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Norway Becomes First Developed Central Bank To Hike Rates Post-COVID

Norway Becomes First Developed Central Bank To Hike Rates Post-COVID

In a time of soaring prices, central bank tightening has now become all…

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This article was originally published by Zero Hedge

Norway Becomes First Developed Central Bank To Hike Rates Post-COVID

In a time of soaring prices, central bank tightening has now become all the rage (except in Turkey of course which just surprised markets with a 1% rate cut, sending the lira plunging to all time lows), and one day after Brazil hiked rates by 1% to 6.25% with promises to do the same next month and even the Fed turning hawkish and revealing the taper will start “soon”, most likely in November (even if the first US rate hike is expected to come well in late 2022), overnight Norway’s central bank, the Norges Bank, become the first major Western central bank to raise interest rates following the onset of the coronavirus pandemic.

After cutting rates three times in 2020 due the economic fallout from the crisis, on Thursday Norway’s central bank unanimously decided to raise rates to 0.25% from zero, in line with expectations.

“The reopening of society has led to a marked upswing in the Norwegian economy, and activity is now higher than its pre-pandemic level. Unemployment has fallen further, and capacity utilisation appears to be close to a normal level,” the bank said in the statement.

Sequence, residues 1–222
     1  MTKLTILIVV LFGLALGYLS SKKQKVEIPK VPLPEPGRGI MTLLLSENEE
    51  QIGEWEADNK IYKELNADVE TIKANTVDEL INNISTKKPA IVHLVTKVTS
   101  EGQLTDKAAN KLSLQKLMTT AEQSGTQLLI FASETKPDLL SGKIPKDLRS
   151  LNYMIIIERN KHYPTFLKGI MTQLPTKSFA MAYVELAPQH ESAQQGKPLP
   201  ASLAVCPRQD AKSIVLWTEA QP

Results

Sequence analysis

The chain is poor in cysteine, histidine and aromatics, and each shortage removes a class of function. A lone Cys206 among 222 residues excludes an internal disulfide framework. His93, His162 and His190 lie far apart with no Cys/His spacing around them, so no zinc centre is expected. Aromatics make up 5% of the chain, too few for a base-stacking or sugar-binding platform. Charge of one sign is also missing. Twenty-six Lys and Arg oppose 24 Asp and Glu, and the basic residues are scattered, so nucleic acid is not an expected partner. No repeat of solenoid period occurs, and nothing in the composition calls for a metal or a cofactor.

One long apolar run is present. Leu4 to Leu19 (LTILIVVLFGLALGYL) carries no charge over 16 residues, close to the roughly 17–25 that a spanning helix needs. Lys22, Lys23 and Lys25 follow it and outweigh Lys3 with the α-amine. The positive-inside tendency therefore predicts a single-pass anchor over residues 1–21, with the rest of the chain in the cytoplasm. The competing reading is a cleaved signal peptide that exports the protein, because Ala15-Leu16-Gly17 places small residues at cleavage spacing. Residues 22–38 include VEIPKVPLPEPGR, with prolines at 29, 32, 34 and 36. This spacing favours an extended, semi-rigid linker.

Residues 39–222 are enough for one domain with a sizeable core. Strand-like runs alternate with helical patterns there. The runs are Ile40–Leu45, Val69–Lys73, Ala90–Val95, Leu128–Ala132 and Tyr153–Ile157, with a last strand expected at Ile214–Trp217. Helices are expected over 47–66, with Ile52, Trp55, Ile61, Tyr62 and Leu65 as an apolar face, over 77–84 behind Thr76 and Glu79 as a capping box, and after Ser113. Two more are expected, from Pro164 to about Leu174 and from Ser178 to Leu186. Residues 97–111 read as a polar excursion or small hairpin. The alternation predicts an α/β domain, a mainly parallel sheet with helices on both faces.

“A normalising economy now suggests that it is appropriate to begin a gradual normalisation of the policy rate,” said Governor Oystein Olsen in a statement, adding that another rate hike is likely coming in December: “Based on the Committee’s current assessment of the outlook and balance of risks, the policy rate will most likely be raised further in December”.

The projected policy rate path was revised up from late-2022 onward, rising to 1.7% at end-2024. The decomposition shows higher inflation on the back of higher capacity utilization and a weaker krone accounting for most of the change since June (Exhibit 1). The Committee stressed that longer-term inflation expectations remain anchored and that the risk of inflation becoming too high is limited.

The updated economic projections in the Monetary Policy Report (MPR), which was also published today, show a larger positive output gap from 2022 onward, and the inflation outlook was revised up accordingly. Norges Bank now forecasts core inflation to reach 1.9% at the end of the forecast horizon, up from 1.6% in the June MPR.

Norway’s currency rallied to its highest levels since June, gaining 0.7% against the U.S. dollar.

 

Tyler Durden
Thu, 09/23/2021 – 11:00


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